11. The Assembly considers that the naturalisation regulations adopted in Latvia do not raise insuperable obstacles to the acquisition of Latvian nationality and that the applicable procedure does not entail any requirements that are excessive or contrary to existing European standards. However, when it comes to the very specific situation of non-citizens, which is unprecedented and therefore lacks a reference framework of European norms or practices, the Assembly considers that further improvements are possible to avoid unnecessary requirements for the acquisition of Latvian nationality. At the same time, the Assembly encourages people residing in Latvia who do not yet have Latvian citizenship, especially those who have been reluctant to apply for naturalisation, to do so as soon as possible.

12. In this context, the Assembly notes the concerns expressed by the Organization for Security and Co-operation in Europe’s (OSCE) international observers with regard to the parliamentary elections of 7 October 2006, namely that “the fact that a significant percentage of the adult population does not enjoy voting rights represents a continuing democratic deficit”. Thus, an important step towards greater inclusion of minorities would be granting non-citizens the right to vote at least in local elections, as advocated by the Assembly.

13. In order to encourage national cohesion and foster stability of the state, the Assembly considers, in the light of existing standards, that the Latvian Government authorities, the country’s political leadership and Latvian civil society should devise means of integrating the members of the ethnic minority communities. This includes ensuring their participation in central and local policy making.

14. In this context, the Assembly believes that an official road map formulated by the Latvian Government and agreed with the representatives of the minorities, fixing steps towards the full implementation of the best European practices in the field of minorities’ rights and inter-ethnic integration, should be adopted. The speed of implementation of the measures included in such a road map should be accelerated following progress in the consolidation of the Latvian state and civic nation.

15. Issues of education and language are among the most delicate in the context of national minorities. Each country should devise an education policy that is receptive to the integration of the various communities and the promotion of linguistic diversity. That is the declared goal of the education reform currently under way in Latvia and the Assembly welcomes all progress made in that direction. However, the concern of the minority communities which allege that the new policy has resulted in a deterioration of the quality of education, should be properly addressed by means of intensive and structured dialogue between the authorities and the minorities’ representatives. In order to ensure a high quality of teaching and thus guarantee the competitiveness of young people belonging to minorities in today’s globalised world, targeted measures should be taken to reconcile the objective need and the constitutional obligation of mastering the official language as an element of cohesion of the civic state with bilingualism and flexibility in terms of choice and percentage of subjects taught in the mother tongue.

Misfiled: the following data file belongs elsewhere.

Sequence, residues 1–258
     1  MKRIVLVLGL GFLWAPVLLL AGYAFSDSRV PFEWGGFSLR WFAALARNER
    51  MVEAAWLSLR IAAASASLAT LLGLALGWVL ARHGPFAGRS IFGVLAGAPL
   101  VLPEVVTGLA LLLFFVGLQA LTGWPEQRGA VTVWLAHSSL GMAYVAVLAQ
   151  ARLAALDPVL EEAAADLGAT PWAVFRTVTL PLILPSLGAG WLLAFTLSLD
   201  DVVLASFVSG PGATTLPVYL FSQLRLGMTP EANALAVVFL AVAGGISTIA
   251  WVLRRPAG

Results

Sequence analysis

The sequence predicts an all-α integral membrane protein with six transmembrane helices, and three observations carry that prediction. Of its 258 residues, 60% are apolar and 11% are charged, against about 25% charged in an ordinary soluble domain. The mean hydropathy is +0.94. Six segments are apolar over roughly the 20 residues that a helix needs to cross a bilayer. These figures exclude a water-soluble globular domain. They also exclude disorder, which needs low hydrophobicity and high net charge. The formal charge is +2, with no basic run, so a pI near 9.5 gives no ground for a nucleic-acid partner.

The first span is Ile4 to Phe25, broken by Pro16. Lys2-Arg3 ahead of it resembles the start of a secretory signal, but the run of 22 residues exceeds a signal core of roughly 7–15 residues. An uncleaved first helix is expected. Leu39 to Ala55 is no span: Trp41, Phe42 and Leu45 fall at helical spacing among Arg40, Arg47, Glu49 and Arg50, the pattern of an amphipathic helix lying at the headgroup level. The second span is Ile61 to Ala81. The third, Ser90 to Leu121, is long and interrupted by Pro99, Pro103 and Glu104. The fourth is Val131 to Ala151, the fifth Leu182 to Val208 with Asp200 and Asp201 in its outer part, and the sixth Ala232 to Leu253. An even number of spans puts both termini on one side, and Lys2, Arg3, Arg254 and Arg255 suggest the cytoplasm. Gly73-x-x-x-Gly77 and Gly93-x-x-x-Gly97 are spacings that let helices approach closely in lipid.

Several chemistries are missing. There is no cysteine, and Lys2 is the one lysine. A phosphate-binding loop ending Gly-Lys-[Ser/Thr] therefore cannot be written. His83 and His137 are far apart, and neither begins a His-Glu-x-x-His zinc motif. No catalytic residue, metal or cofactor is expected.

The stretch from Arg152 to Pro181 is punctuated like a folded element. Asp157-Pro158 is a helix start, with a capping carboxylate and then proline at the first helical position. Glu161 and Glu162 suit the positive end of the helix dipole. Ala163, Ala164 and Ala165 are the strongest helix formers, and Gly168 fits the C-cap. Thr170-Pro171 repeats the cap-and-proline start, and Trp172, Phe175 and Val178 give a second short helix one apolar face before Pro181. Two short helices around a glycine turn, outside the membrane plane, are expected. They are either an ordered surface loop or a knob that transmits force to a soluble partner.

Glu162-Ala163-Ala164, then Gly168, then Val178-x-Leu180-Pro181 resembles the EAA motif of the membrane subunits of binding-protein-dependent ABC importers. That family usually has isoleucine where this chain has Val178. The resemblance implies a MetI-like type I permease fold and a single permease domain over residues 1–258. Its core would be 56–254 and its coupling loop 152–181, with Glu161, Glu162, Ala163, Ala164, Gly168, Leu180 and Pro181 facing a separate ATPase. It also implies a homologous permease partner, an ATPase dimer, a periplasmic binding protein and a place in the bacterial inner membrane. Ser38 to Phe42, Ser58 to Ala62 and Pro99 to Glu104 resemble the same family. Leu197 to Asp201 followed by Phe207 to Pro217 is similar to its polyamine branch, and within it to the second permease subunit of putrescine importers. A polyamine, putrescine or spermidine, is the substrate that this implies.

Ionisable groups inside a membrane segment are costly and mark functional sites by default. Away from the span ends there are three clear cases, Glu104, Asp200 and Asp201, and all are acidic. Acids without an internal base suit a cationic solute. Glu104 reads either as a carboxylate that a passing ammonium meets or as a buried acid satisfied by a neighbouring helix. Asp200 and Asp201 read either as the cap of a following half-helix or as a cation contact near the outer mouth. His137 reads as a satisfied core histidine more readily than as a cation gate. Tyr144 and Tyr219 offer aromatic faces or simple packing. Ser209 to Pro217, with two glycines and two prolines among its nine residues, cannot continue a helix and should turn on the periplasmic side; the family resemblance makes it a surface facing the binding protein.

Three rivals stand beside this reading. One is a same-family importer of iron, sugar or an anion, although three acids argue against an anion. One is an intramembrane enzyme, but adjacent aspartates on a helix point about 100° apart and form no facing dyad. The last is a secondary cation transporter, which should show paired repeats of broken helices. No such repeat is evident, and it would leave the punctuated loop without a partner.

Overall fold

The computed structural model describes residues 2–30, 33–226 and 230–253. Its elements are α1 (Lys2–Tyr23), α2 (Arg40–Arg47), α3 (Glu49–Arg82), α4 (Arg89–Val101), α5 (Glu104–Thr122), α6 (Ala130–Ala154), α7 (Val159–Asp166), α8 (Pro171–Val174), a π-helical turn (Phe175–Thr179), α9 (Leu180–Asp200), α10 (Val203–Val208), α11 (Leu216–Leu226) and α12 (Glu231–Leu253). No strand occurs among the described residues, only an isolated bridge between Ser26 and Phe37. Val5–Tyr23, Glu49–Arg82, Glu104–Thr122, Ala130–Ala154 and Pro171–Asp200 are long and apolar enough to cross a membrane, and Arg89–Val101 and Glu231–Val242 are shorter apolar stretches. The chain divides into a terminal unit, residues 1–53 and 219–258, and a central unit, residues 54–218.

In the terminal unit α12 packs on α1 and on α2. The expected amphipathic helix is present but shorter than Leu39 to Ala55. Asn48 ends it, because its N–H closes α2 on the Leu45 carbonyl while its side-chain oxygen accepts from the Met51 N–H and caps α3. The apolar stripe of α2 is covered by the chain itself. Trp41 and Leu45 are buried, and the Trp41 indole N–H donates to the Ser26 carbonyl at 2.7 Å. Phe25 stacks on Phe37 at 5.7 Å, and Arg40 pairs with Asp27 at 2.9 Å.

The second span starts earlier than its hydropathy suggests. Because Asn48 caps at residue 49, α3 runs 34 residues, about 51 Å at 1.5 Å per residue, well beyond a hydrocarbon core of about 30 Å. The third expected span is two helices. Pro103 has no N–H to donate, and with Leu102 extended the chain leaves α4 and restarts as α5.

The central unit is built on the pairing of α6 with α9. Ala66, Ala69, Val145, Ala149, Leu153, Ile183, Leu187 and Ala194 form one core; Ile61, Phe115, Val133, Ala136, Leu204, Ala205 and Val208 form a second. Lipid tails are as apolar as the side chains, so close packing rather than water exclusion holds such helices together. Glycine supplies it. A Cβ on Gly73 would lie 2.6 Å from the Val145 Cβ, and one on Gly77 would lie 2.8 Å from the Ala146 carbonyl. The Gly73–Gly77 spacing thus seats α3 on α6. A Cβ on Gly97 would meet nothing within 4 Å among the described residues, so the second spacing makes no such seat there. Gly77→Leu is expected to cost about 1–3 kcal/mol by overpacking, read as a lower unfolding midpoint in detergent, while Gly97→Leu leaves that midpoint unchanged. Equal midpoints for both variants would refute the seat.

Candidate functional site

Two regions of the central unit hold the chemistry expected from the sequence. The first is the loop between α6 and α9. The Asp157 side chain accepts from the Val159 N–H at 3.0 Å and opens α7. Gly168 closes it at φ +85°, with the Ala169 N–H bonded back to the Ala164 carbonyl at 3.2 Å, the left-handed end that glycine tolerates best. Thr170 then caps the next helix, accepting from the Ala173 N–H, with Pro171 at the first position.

16. The possibility for minorities to communicate with the authorities in their native language in places where they live in substantial numbers would, as best practice in Europe bears witness, give an immense boost to the integration of minorities and to the creation of a climate of dialogue and mutual understanding. The Latvian authorities might consider making appropriate amendments to existing legislation in this respect. Such amendments should be carried out to promote confidence between minorities and the majority, in such a way as not to threaten the status of the Latvian language which is already well established in Latvia as an element of identity and as a general means of communication of the civic and not of an ethnic state.

17. The Parliamentary Assembly therefore invites the Latvian authorities to:

17.1. ratify, as soon as possible, Protocol No. 12 to the European Convention on Human Rights, which lays down a general prohibition on discrimination (ETS No. 177);

17.2. sign and ratify the European Charter for Regional or Minority Languages (ETS No. 148);